Authorship and Origin:

Dates referenced in the book itself, state that the prophecies came to Ezekiel between 593 B.C. and 571 B.C. (Ezek. 1:1-2, 29:17). Many other dates are given by the author throughout the book. Ezekiel speaks in the first person in this book and he identifies himself a member of one of Judah's priestly families who was called by God to be a prophet. Nothing is known of Ezekiel except what is described in this book. Apparently he lived as an exile in Babylon.

Overview and Significant sections

During the same time that Jeremiah was a prophet to the people in Judea, Ezekiel was a prophet to the already exiled Israelites in Babylon. Ezekiel's message was the same as Jeremiahs; he foretold the ruin of the homeland, the destruction of Solomon's temple, judgement, and eventual renewal as God would bring a remnant back to the promised land. During this time, Nebuchadnezzar was rising to great power as Babylon overthrew the Assyrian empire and later came to destroy Jerusalem and Judea. Ezekiel was taken to Babylon. The study of this book yields some new dimensions of theology, which are still applicable today. Some of these are: God is the same across time (transcendent), judgement is certain for sin, individuals are responsible for their actions, and finally restoration is available for true believers in the Messiah.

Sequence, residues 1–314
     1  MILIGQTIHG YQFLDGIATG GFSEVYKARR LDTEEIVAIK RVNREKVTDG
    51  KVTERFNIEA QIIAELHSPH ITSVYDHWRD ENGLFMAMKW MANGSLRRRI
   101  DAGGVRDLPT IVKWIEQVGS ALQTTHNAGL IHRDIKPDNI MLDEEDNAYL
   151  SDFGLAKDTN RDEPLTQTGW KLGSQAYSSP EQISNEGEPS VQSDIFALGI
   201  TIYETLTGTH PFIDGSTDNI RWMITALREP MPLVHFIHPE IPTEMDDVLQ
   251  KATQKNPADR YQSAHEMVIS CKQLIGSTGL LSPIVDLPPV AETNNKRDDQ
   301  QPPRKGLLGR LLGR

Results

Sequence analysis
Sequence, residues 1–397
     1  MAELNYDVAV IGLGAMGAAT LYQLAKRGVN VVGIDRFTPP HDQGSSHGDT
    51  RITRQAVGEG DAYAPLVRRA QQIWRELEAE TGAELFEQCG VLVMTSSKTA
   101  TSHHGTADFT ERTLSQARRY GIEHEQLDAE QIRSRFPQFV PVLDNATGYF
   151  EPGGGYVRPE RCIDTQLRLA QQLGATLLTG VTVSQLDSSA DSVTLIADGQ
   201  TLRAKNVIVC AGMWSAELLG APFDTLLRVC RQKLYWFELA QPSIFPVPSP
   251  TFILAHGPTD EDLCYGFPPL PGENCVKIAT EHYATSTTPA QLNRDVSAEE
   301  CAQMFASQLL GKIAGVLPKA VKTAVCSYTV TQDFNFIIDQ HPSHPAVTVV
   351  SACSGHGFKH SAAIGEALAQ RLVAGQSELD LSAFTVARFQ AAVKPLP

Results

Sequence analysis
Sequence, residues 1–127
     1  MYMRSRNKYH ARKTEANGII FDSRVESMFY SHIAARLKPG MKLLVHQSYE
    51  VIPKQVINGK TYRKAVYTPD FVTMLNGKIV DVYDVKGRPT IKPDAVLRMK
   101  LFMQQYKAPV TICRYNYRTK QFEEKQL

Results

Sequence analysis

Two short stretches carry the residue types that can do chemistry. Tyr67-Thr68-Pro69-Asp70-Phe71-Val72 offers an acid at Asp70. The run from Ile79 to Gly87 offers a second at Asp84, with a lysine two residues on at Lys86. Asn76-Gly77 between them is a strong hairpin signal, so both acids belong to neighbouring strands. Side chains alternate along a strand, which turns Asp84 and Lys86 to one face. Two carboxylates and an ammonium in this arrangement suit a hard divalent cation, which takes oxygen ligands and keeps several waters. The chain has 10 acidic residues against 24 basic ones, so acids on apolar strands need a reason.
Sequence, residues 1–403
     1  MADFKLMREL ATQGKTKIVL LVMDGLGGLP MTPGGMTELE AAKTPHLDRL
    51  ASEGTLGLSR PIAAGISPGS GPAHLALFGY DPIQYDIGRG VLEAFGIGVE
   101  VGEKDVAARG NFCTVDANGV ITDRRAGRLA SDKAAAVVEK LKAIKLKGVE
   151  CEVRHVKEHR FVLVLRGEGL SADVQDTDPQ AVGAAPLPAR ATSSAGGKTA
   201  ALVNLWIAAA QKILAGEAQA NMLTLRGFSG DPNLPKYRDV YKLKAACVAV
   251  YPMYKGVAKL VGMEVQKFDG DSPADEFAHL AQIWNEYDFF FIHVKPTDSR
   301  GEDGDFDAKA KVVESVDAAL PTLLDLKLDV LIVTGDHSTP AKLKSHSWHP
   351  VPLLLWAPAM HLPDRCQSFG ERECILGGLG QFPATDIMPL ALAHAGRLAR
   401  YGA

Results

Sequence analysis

Significant sections:

For more detailed study:
Read Chapter 1. (the entire book is available starting here.)
The Concise Matthew Henry Commentary on this book.
bible.org introduction of this book.
the World Wide Study Bible has Dictionary, Commentary, Scripture and sermons available on this book.